Story 10 of 12: REVOLUTION AND OCCUPATION
There was a time of Jewish peace, until the arrival of Alexander the Great! After the Greeks conquered the Persians militarily, it could be said that they conquered the Jews culturally. The hellenist influence brought advances in philosophy, but also detracted many Jews away from God to worship the Greek gods.
One day a zealous Jew named Mattathias killed another Jew for offering sacrifices to Zeus. When the Greek king sent his commissioner to investigate, Mattathias killed him too, and the Maccabean revolt began! In time the Maccabees (the sons of Mattathias) beat the Greeks in spite of being outnumbered. They then purified the temple and rededicated it to God. But at the same they also yearned for God to send them another prophet to guide them, but no prophets appeared this time. The Jewish nation eventually grew stable enough to become the Hasmonean Dynasty, a Jewish kingdom almost as large as the Davidic Kingdom of old.
But because there were no prophets at this time, the Hasmonean Dynasty was more a political state than a religious people that preceded it. In light of this, many Jews, weary of losing the promised land ever again, clung to the Mosaic Law to the extreme, trying to follow it to the letter. The concern for the Jewish religion gave rise to three new factions: (1) the Essenes, a simple religious community which isolated itself from society in preparation for a Messiah or deliverer; (2) the Pharisees, the scribes who felt that they were the rightful interpreters of scripture in the absence of the prophets; and (3) the Sadducees, the priests who considered themselves, not the Pharisees, as the rightful interpreters of Scripture.
The Pharisees, adopting Plato's concept of the separation of body and soul, began teaching the resurrection of the dead, answering the problem of evil in this life by pointing to justice in the next. The Sadducees did not believe in Resurrection, and stuck only with the first five books of Moses.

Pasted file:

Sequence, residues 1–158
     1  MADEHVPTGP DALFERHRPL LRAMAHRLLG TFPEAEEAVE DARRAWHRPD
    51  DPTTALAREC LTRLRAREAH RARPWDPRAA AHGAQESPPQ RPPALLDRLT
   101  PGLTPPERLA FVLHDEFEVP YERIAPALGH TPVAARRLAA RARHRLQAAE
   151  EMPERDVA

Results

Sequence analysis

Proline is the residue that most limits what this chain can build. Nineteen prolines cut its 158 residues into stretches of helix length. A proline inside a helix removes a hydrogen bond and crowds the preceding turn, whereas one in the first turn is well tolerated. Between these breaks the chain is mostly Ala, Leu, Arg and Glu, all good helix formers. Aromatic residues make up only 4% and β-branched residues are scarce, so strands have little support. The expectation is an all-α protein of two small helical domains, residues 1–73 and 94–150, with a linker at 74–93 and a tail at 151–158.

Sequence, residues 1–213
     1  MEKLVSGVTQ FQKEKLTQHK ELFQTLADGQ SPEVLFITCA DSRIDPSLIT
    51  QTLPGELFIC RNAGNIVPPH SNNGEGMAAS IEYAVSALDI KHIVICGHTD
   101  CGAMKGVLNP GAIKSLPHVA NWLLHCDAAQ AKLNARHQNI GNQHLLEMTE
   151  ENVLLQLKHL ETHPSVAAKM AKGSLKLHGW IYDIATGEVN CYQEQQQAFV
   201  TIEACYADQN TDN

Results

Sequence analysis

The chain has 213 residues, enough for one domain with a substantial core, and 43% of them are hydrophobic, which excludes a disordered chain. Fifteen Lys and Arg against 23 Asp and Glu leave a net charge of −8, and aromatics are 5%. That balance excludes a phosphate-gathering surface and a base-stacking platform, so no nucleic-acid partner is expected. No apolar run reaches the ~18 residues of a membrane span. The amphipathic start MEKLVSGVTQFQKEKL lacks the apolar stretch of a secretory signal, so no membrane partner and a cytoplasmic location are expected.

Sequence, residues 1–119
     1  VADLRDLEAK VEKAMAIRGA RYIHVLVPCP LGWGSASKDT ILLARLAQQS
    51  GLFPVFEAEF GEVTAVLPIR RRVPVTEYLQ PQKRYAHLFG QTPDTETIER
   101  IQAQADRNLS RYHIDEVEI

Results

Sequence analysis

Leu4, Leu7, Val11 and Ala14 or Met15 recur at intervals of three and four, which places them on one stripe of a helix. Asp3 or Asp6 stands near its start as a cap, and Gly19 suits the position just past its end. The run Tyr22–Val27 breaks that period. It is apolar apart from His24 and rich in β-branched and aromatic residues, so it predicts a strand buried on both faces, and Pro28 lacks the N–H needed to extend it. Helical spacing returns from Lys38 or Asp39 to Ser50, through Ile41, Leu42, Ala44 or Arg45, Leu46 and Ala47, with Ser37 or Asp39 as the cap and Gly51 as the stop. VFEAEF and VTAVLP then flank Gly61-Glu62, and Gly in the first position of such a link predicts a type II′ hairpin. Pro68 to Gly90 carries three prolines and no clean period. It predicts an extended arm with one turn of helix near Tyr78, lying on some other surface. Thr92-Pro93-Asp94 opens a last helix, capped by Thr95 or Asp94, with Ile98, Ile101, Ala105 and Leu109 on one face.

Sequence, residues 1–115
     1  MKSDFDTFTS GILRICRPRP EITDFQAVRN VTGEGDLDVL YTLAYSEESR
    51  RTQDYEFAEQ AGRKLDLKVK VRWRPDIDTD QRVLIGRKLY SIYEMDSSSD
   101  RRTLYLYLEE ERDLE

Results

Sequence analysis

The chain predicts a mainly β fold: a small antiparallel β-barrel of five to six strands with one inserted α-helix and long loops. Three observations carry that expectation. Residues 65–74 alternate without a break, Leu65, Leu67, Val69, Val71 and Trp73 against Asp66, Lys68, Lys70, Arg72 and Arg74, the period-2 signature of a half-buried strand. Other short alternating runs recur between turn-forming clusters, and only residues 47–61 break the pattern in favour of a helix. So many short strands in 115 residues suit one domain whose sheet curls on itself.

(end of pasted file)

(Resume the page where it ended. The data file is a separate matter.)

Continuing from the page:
The books of Wisdom and Sirach speak of the righteous ones ultimately resting in the hand of God, while the wicked ones would suffer in "Sheol", previously describes as the shadowy underworld, but now described as a place of torment.
Though the Greeks never did ultimately conquer the Jews militarily, the same could not be said of the Romans! The Roman family of Antipater casually swept away what was left of the Hasmoneans, the land of Judea (now called Palestine) found itself occupied by Pompey, Julius Caesar, Cassius, Mark Antony, and Augustus. One of Antipater’s sons, Herod the Great, was appointed as a puppet king of Emperor Augustus. Herod was bent on killing any of his rivals, including any wannabe "Messiah"s that the Jews hoped for.
After Herod’s death, Palestine would be ruled on and off by Roman procurators, never totally successful in dealing with the determined Jews. A new nationalistic group, the Zealots, grew from what was left of the dying Hasmonean dynasty, anxious for a king to lead them to military victory over the Romans. Inspired by the memory of the Maccabees, they often resorting to terrorist tactics against the Romans.
And so, between the Essenes, Pharisees, Sadducees, and Zealots, all under the yoke of the Roman Empire, the “fullness of time” had been reached.
The origin of the menorah used during Hannukah comes from the time of the Maccabees. One day when repurifying the temple, a single day's worth of oil was said to burn for 8 whole days.
Around this time the enigmatic Book of Daniel tells the story of a Hebrew boy and his friends willing to die for God instead of obeying a king’s order to worship a golden idol. Daniel was thrown into a lion's den, but God kept the lions' mouths shut.
Daniel also had visions of a great "Defender of the people", revealed in apocalyptic visions to be kept secret in a sealed book until the end times, when wickedness would increase and many would have to be purified.
The Sadducees only accepted the Torah (the first five books of the Scriptures), were influenced by Hellenism than Greek philosophy, and did not share the Pharisees’ belief in the resurrection that was hinted by the Prophets. The Essenes for their part took great care in copying the Scriptures into scrolls, many of which we found as recently as the 1950s in the Dead Sea Scrolls.
What Jewish factions arose from the Hasmonean Dynasty?
What Greek and Jewish beliefs developed into the belief in resurrection?